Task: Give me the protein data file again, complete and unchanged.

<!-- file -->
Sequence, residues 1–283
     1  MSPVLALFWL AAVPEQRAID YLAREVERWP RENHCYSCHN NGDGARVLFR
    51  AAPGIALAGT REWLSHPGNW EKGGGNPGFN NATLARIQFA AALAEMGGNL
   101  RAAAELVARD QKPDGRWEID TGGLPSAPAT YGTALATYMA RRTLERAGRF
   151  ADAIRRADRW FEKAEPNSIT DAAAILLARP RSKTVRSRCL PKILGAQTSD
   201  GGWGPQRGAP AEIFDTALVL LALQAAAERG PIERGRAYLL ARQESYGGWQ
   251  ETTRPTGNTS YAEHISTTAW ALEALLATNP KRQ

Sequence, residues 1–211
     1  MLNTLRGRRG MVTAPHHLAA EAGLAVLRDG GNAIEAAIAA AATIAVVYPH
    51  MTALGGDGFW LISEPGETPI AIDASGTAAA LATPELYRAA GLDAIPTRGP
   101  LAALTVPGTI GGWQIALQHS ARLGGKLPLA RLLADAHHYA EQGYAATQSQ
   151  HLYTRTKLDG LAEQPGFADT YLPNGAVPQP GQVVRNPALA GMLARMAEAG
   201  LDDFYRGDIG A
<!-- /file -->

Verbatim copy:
Sequence, residues 1–283
     1  MSPVLALFWL AAVPEQRAID YLAREVERWP RENHCYSCHN NGDGARVLFR
    51  AAPGIALAGT REWLSHPGNW EKGGGNPGFN NATLARIQFA AALAEMGGNL
   101  RAAAELVARD QKPDGRWEID TGGLPSAPAT YGTALATYMA RRTLERAGRF
   151  ADAIRRADRW FEKAEPNSIT DAAAILLARP RSKTVRSRCL PKILGAQTSD
   201  GGWGPQRGAP AEIFDTALVL LALQAAAERG PIERGRAYLL ARQESYGGWQ
   251  ETTRPTGNTS YAEHISTTAW ALEALLATNP KRQ

Sequence, residues 1–211
     1  MLNTLRGRRG MVTAPHHLAA EAGLAVLRDG GNAIEAAIAA AATIAVVYPH
    51  MTALGGDGFW LISEPGETPI AIDASGTAAA LATPELYRAA GLDAIPTRGP
   101  LAALTVPGTI GGWQIALQHS ARLGGKLPLA RLLADAHHYA EQGYAATQSQ
   151  HLYTRTKLDG LAEQPGFADT YLPNGAVPQP GQVVRNPALA GMLARMAEAG
   201  LDDFYRGDIG A